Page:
View Full Version : Discrimination of Gypsies Looms in Hungarian Schools

04-09-2013, 08:35 PM
Hungarian civil-rights groups marked Monday’s International Roma Day by warning that proposed changes to the country’s Equal Rights Act could open the door to cementing the segregation of gypsies in elementary schools.

Late last month, Hungary’s justice minister, Tibor Navracsics, introduced a bill in Parliament that would amend the equal rights law to say that “pursuing equal rights and social catching-up are first and foremost a state commitment” – adding the words “social catching-up.”

Rights groups said the new wording could enshrine in law an already existing practice of channeling Roma children into special-needs classes or separate grade schools originally created for children with learning disabilities regardless of their ethnic backgrounds.

Hungary also has many schools that have become segregated as majority Hungarians have taken their children out of schools with many Roma students.

Critics of such practices, which are also widespread in the Czech Republic and Slovakia, say that rather than helping Roma children, they end up segregating them and perpetuating discrimination. Rights groups argue that children of different backgrounds should be schooled together.

Hungarian government officials have responded that their aim is not segregation, but instead part of a focus effort to assist disadvantaged Roma. At a Roma cultural festival in northern Hungary’s Bodvalenke on Friday, Zoltan Kovacs, a senior official working on Roma integration, called for a pragmatic approach.

“One of the greatest dangers to the Roma is right-wing extremists; we have taken very strict measures against them. The other is dogmatic rights groups,” Mr. Kovacs said in the town of Bodvalenke in Northern Hungary.

Erzsebet Mohacsi, president of the Chance for Children Foundation, which fights for equal rights in the education of Roma and other disadvantaged children in Hungary, said special programs to teach Roma children separately would replicate failed efforts during the communist era and violate current European Union laws.

Laszlo Andor, EU Commissioner responsible for employment, social affairs and inclusion stressed the school system must be mixed even where there is a large Roma population, otherwise social exclusion will continue at a later stage.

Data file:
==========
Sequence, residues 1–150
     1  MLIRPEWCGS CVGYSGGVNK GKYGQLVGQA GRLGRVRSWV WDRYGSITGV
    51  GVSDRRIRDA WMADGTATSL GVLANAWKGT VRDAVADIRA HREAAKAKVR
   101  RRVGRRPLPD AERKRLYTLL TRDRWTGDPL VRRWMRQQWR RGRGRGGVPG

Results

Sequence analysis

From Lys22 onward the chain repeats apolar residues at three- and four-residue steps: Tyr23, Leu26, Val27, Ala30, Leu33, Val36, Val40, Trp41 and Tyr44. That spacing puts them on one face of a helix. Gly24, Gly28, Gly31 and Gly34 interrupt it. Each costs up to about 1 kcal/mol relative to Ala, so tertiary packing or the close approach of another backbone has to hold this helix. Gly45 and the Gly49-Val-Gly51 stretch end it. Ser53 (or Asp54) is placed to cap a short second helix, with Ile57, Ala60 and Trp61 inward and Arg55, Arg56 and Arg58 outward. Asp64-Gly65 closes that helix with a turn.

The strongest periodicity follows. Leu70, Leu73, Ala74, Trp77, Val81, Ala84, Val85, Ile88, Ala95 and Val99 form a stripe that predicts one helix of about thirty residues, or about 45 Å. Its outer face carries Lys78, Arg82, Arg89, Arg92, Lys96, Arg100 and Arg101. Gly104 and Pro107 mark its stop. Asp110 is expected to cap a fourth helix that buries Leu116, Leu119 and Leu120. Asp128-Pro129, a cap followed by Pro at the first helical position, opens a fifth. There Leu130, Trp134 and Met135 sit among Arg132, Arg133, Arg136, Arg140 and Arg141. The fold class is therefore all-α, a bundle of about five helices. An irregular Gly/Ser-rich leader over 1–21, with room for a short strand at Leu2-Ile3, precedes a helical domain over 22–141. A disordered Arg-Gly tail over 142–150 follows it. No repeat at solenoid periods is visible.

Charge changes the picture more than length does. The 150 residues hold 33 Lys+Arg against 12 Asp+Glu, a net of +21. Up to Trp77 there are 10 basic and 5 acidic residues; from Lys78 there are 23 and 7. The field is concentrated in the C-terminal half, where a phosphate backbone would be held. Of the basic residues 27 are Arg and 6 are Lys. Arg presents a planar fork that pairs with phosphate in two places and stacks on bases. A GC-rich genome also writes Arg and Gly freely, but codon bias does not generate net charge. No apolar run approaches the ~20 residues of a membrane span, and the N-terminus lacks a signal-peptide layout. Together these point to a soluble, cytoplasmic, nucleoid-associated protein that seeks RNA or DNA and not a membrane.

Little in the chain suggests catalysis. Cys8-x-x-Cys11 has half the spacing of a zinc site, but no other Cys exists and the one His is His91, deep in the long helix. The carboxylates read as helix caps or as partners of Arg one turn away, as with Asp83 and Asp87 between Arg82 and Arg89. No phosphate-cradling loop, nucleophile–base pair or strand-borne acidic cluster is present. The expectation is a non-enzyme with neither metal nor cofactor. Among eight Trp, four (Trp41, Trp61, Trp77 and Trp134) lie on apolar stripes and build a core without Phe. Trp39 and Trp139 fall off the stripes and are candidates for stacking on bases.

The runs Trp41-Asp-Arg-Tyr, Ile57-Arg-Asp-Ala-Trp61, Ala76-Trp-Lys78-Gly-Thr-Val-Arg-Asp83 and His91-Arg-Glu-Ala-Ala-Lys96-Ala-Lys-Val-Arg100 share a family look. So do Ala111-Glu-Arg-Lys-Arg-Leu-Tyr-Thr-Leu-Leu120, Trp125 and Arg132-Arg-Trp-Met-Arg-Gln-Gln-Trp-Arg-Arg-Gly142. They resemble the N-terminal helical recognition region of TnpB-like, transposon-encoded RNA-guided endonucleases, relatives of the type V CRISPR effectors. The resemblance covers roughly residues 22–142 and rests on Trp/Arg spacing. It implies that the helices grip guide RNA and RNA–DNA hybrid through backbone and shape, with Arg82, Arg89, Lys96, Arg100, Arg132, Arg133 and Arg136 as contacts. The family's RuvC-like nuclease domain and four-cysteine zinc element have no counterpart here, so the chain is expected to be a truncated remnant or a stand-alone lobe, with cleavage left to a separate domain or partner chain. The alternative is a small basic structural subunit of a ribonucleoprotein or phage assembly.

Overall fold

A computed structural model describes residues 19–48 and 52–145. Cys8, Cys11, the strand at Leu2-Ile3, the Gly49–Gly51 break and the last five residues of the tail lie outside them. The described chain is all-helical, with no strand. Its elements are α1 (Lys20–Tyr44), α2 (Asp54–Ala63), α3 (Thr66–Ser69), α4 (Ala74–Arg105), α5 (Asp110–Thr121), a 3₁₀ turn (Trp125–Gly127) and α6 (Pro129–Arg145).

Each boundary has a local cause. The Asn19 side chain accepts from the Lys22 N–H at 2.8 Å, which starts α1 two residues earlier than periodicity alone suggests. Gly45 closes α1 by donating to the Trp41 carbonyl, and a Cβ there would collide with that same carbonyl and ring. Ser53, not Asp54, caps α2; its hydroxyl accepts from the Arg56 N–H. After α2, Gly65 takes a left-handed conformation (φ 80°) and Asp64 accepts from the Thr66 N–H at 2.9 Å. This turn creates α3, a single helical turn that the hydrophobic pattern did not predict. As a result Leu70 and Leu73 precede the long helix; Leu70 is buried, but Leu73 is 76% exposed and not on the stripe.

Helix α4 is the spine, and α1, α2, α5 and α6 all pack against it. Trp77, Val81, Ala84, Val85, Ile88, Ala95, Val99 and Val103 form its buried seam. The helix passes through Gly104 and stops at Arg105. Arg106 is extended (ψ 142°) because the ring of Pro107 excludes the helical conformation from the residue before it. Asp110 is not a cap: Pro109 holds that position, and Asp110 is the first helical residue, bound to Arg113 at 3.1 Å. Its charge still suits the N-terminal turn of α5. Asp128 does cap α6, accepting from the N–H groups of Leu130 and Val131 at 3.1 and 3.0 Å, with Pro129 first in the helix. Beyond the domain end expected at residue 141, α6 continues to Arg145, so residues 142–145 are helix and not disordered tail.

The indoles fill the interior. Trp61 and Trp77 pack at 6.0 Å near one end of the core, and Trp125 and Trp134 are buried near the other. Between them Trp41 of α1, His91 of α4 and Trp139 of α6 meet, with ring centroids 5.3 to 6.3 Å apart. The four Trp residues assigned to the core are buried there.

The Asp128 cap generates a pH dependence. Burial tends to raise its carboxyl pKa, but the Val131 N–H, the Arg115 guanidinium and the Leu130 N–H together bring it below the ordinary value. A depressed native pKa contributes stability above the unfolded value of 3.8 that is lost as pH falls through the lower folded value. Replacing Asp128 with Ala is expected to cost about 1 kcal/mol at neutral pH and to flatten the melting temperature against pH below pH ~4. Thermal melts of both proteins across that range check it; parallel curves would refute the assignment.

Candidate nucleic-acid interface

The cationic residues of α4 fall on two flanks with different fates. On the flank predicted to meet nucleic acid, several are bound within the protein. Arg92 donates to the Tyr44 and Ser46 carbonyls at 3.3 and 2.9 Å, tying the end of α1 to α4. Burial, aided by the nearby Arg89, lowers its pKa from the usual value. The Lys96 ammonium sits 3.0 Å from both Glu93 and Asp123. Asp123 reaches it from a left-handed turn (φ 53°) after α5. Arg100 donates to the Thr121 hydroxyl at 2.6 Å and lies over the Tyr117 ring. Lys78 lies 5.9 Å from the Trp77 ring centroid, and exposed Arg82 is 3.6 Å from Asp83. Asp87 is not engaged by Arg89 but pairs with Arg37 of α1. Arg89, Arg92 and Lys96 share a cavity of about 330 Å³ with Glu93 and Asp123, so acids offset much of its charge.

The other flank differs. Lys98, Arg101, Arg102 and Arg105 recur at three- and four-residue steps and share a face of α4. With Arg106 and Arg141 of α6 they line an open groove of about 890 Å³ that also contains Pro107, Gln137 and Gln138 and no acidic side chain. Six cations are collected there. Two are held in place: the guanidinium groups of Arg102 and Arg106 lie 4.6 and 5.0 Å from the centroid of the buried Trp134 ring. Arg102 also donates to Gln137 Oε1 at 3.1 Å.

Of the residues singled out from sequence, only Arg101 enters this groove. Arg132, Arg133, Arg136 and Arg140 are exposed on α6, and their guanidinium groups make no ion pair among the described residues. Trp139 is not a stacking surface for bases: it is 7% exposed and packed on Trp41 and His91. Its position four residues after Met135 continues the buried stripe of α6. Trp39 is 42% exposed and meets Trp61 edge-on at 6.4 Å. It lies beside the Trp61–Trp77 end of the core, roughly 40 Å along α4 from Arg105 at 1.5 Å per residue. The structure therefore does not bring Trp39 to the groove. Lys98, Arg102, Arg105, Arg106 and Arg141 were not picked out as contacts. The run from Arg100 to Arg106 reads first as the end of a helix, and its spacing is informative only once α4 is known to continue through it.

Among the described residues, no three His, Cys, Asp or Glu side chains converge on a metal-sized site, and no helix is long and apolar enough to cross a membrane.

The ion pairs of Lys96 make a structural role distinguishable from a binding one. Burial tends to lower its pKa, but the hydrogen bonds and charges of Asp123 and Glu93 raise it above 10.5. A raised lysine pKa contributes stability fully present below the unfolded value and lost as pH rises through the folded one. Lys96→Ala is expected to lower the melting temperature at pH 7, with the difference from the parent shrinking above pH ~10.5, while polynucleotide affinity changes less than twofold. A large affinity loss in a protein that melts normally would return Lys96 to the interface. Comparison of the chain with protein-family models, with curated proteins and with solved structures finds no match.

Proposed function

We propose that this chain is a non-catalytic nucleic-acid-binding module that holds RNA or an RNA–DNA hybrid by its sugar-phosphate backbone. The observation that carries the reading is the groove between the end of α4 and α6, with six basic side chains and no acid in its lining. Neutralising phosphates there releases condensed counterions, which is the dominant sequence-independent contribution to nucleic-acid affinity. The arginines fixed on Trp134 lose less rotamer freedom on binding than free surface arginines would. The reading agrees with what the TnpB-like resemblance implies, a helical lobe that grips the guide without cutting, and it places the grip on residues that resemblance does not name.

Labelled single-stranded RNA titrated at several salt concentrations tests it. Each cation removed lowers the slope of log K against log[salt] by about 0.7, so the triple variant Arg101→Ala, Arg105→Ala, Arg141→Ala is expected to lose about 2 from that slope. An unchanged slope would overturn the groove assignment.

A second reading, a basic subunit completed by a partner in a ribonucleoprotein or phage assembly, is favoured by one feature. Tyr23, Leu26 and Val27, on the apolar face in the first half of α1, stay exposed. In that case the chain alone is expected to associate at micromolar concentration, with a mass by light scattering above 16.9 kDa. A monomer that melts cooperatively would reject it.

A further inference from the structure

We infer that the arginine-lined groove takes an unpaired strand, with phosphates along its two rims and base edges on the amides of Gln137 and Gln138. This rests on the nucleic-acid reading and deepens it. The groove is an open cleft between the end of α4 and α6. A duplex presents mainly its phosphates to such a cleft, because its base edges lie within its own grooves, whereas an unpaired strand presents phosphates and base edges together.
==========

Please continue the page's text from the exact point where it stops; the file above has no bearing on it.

“It’s effectively impossible to remedy this [issue] if it’s not addressed early enough,” Mr. Andor told reporters in Bodvalenke.

Mihaly Simon, a member of the Hungarian Civil Liberties Union responsible for Roma issues said in a blog published on the organization’s web site that the government’s communication now shows an aggressive stance.

“This is the first time in the history of Hungary’s constitutionality that a government fiddles with the basic law with the clear intention of unlawful segregation,” Mr. Simon said.

In Hungary’s 2011 census, 315,000 of the country’s almost 10 million people identified themselves as Roma. Experts estimate the real number is between 700,000 and 800,000, since many try to keep their ethnic identity secret to avoid discrimination.

Education was a central topic at the Roma celebration in Bodvalenke on Friday, with teachers and activists saying that drop-out rates for gypsy children are unacceptably high. Even getting students to finish the eight years of primary school is a challenge.

An Amnesty International study published last week found that only one in seven Roma citizens of the EU complete secondary school. The EU has an estimated 6 million Roma.

Children who do go on to high school in many Roma-inhabited areas aren’t well prepared. “Our first-graders many times can’t read a sentence out properly or have trouble with basic mathematics,” said Tibor Derdak, a teacher and activist with Buddhist Jai Bhim, an organization working with Roma and other underprivileged groups to provide access to education and sports.

Bodvalenke is a poor village with a Roma majority and many unemployed. But it has been turned into an outdoor gallery of sorts, with colorful murals painted by Roma artists on the walls of many buildings.

Eszter Pasztor, one of the organizers of the art project, said that poor infrastructure was hindering efforts to turn the village’s murals into a tourist attraction. She and others expressed concerns that EU funds meant to help Roma don’t end up in the hands of those who need them.

Ms. Pasztor and others said the EU should work directly with non-governmental organizations that are close to Roma communities and channel money to them in a transparent way.

“We are of course aware that human rights groups are doing hard work and their job is essential,” the government’s Mr. Kovacs said. “We’ve only criticized the dogmatic rights groups.”


04-09-2013, 08:36 PM
According to Amnesty International, gypsies are victims of violent attacks in Hungary, not the other way around.

Amnesty International will ask the European Commission to take urgent action against Hungary to stop violence and racial discrimination against the Roma people said the head of the organization's Hungarian wing Orsolya Jeney at Monday's press conference in Budapest.

According to Jeney, an effective action is needed to protect the Roma minority in Hungary.

Jeney announced that Amnesty International launches an international campaign asking EU Human Rights Commissioner Viviane Reding to use all available means in defending the Roma people from violent attacks and racial discrimination.

A signature collection campaign will be organized, not only in support of the "Roma", but to protect the basic rights of all EU citizens.


04-11-2013, 11:20 AM
Fucking hypocrites and idiots.